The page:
Returning to the businessman I referenced earlier, this is what happened. At present, we possess window screen manufacturing capability but no sales and marketing resources. Our businessman has the sales, marketing, and installation but currently buys from other manufacturers. So I proposed a merger with one significant caveat: “Are you willing to give up the ownership of your company?” By God’s grace, he agreed! His company will merge into our employee-owned management structure and the businessman will continue to lead the new enterprise under our governance. Instead of maintaining 100 percent ownership, he will now share ownership with the rest of the employees. His company will generate over $1.2 million in sales this year, bringing immediate jobs to the community. With added capitalization we believe we can achieve significant growth over the next few years, employing many more people. This man has taken seriously the principle of Matthew 6:33, being determined to ‘lay up treasures in heaven,’ abandoning his earthly concerns into the hands of God.

© 2013 by S. Michael Craven

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S. Michael Craven is the president of Battle for Truth and the author of Uncompromised Faith: Overcoming Our Culturalized Christianity (Navpress, 2009). Michael's ministry is dedicated to equipping the church to engage the culture with the redemptive mission of Christ. For more information on Battle for Truth and the teaching ministry of S. Michael Craven, visit www.battlefortruth.org.

According to a report produced in 2013—“Christianity in its Global Context, 1970–2020: Society, Religion, and Mission"—researchers at the Center for the Study of Global Christianity (CSGC), Gordon-Conwell Theological Seminary in South Hamilton, Massachusetts, offer a timely overview of the changing demographics of Christianity and Christians’ activities over the past forty years. 

In summary, missiologist Todd M. Johnson and his team found that 20 percent of non-Christians in North America really do not “personally know” any Christians. Christianity Today points out, “that number includes atheists and agnostics, many of whom are former Christians themselves and more likely to have close Christian contacts. Without that group, 60 percent of the non-Christian population has no relationships with Christians” (Emphasis mine). This despite the fact that 80 percent of Americans self-identify as Christians.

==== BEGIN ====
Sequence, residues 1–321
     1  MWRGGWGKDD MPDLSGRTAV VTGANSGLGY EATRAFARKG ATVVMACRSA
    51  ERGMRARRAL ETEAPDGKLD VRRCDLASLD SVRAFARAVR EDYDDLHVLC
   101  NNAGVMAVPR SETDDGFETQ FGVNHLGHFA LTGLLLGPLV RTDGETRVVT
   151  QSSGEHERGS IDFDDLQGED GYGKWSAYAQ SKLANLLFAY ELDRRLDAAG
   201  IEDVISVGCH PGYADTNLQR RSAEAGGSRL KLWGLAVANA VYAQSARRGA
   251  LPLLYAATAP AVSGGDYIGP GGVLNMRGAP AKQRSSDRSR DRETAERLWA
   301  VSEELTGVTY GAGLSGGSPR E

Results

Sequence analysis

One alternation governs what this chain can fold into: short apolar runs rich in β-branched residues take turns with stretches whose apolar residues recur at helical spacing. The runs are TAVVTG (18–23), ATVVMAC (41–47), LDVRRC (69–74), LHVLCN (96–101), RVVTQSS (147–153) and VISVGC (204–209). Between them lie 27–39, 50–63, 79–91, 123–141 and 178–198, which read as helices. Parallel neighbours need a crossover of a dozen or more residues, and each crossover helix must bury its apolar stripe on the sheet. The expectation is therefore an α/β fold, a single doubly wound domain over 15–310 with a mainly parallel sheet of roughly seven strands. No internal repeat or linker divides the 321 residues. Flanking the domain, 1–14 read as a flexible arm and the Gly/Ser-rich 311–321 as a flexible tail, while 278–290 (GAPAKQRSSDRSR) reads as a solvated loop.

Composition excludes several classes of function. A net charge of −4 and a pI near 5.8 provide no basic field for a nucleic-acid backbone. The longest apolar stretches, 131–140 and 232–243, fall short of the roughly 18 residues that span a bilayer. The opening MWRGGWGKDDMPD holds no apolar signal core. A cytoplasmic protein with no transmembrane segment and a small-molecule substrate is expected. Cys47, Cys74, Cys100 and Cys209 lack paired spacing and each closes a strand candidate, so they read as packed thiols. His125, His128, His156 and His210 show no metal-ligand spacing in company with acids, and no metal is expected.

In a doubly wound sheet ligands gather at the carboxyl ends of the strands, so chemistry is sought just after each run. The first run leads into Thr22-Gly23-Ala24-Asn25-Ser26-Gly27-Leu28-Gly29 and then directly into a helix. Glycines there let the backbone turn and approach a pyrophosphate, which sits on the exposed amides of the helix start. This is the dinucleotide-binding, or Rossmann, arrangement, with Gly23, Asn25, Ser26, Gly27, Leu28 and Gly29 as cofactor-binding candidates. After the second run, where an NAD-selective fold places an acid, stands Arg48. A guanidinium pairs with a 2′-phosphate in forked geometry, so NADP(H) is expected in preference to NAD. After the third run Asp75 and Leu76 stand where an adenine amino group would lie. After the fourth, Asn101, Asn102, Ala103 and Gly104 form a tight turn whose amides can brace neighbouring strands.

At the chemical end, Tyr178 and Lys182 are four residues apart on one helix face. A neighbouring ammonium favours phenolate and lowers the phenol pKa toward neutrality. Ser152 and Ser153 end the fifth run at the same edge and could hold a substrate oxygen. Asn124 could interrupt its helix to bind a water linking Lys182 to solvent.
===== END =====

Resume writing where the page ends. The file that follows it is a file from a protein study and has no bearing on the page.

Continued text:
CSGC research associate Gina Bellofatto notes that small but burgeoning movements have arisen to initiate purposeful interreligious dialogue and community service projects. However, according to Bellofatto, “They're still rare compared to the apparent apathy among Christians about befriending non-Christians, especially if it means reaching across neighborhoods and towns into more ethnic enclaves.”

Clearly, a century-plus of evangelistic campaigns aimed at “getting people saved” has failed to propagate the Christian faith in any meaningful way. Instead, too many churches in America are characterized more by a suburban social ethnicity built around shared values and religious consumerism than any sense of kingdom mission. 

Jeff Christopherson, vice president for the Southern Baptist Convention's North American Missions Board, echoed this sentiment in saying, “We hide in our own evangelical ghetto,” and “we go to churches that would only be welcoming to people that think like us.” 

This makes sense when understood through the church’s contemporary theology of escapism—this idea that the primary goal of the gospel is to provide one entrance into heaven when one dies. While eternal life in the age to come is indeed a promise of the gospel, the reduction of the gospel of the kingdom to nothing more than this has left the church without any relevance to life in the here and now. By reducing the gospel to the acceptance of a few facts about Jesus, which then determines one’s eternal state, Christianity loses its most powerful claim: that of Christ’s kingdom come to bear upon this world. It is through the rule and reign of God pressed into the world by the people of God, empowered by the Holy Spirit, that sin and all its damage is confronted and relief is found. 

This is the story of Western civilization—the world touched by the church in every area of life—where humanity has experienced unprecedented flourishing. Despite our checkered past, Christians have throughout history risen up against countless evils bringing real reform to a broken world defaced by sin. 

The Christian church has confronted political tyranny that oppressed God’s creation with the principles of liberty rooted in the imago Dei. The historic church was the first institution on earth to declare slavery unjust, to develop concepts central to individual economic freedom, to provide health care to the sick and dying, to offer humane rules of warfare, to educate the masses, and to establish as virtues the concepts of mercy and compassion. The church didn’t do this because they thought it a good way to win converts. Rather, they understood that the world ruined by sin was being set right by Jesus, the king who declared his Lordship over all the earth, and that to follow Jesus meant sacrificial participation in his kingdom-renewing work. 

Without the Christian/kingdom influence of the last two millennia, the world would have remained in its brutal state. To believe otherwise is to be both historically ignorant and to believe that human progress is the natural orientation of mankind.

© 2013 by S. Michael Craven

Respond to this article here.

Subscribe to Michael's commentary here.

S. Michael Craven is the president of Battle for Truth and the author of Uncompromised Faith: Overcoming Our Culturalized Christianity (Navpress, 2009). Michael's ministry is dedicated to equipping the church to engage the culture with the redemptive mission of Christ. For more information on Battle for Truth and the teaching ministry of S. Michael Craven, visit www.battlefortruth.org.